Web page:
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Thread: Southern Presidentials & Oakes Gulf

  1. #1
    Senior Member IQuest's Avatar
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    Jan 2012
    Canaan, NH

    Southern Presidentials & Oakes Gulf

    As I slowly fill in The Grid, I like to make littlle "mini grids" along the way, either for my winter list or for Marlie's next round of 4Ks. I have also taken on the task of redlining which IMO is more exciting than peak bagging since it guarantees seeing something new. This hike started out with Mt Eisenhower as a goal for Marlie's list. While Eisenhower is a nice peak it can be kind of a boring, short hike if only done by itself. Towards the end of the week I had caught wind that the Dry River Tr had reopened. I had my eye on the upper 4.4 miles through Oakes Gulf but was never really sure how I would get there as the Dry River Tr stretches 9.6 miles from US302 to Lakes of the Clouds Hut. I had also never been on the stretch of Crawford Path from the southern junction of the Mt Monroe Loop to the Mt Eisenhower Tr. Was there a way that I could combine these three objectives? I also needed Jackson and Pierce for September so I figured I might as well add them to the mix as well. After studying the map I came up with a crazy idea. :twisted:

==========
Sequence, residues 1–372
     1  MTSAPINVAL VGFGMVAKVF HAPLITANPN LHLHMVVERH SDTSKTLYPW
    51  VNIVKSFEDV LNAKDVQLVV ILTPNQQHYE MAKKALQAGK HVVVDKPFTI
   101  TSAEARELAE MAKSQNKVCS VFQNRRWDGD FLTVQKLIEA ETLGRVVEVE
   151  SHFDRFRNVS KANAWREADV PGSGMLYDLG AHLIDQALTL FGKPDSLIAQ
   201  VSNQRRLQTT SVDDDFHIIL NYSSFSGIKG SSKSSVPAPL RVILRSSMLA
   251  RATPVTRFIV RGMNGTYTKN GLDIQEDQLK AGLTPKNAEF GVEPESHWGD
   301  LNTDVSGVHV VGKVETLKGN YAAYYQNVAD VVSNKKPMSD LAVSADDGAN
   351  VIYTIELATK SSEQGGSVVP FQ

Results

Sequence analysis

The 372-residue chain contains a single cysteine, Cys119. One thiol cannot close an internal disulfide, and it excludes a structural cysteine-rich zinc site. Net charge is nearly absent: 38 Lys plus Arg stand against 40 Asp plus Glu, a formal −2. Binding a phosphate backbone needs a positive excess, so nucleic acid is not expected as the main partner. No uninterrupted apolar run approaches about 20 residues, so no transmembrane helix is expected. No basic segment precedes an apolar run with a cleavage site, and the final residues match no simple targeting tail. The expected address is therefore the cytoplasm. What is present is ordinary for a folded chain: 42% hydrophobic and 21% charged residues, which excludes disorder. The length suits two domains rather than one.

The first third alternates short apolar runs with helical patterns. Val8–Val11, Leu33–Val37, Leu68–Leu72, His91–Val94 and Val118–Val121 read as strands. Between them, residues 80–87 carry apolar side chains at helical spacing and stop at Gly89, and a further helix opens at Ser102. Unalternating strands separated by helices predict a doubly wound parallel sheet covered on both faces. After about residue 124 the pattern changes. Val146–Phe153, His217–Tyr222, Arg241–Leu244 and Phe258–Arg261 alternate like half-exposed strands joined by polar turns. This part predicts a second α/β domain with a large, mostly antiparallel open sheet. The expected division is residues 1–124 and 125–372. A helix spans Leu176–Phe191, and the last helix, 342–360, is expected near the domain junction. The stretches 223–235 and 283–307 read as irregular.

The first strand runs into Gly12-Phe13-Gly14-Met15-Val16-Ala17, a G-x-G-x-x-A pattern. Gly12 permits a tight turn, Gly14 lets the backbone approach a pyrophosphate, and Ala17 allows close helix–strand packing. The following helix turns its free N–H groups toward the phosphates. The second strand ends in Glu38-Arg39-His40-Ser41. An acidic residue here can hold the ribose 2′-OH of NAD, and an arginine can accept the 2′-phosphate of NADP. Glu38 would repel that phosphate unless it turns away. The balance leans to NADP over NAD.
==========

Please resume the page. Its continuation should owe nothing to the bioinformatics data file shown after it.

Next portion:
Marlie and I arrived at the Webster-Jackson trailhead just after 6 am. It was still too dark in the woods and I didn't feel like getting my headlamp out for 20 minutes so I tried to take a quick ciesta. About 5 minutes after closing my eyes I heard a noise ouside my truck. It was a little fox scurrying about the paking lot before crossing the road and heading into the woods. Finally at 6:20 it was light enough to see and Marlie and I headed up the Webster-Jackson Tr stopping at Bugle Cliff for a glimpse of some valley fog.

    We then kept a steady pace up the Jackson Branch to the summit of Mt Jackson, which we reached at 8:00 am. From here Oakes Gulf was about 8 miles away. :shock: And I was starting to wonder what I getting into.

    After a granola bar and a biscuit we headed north along the Webster Cliff Tr to Mizpah Hut. Then after a short side trip to Nauman Tentsite (redlining technicality) Marlie and I headed down the Mt Clinton Tr and then the Dry River Cutoff. To be honest, back in June when I was first on these trails, I couldn't imagine ever being on them again. But here we were, heading down this time.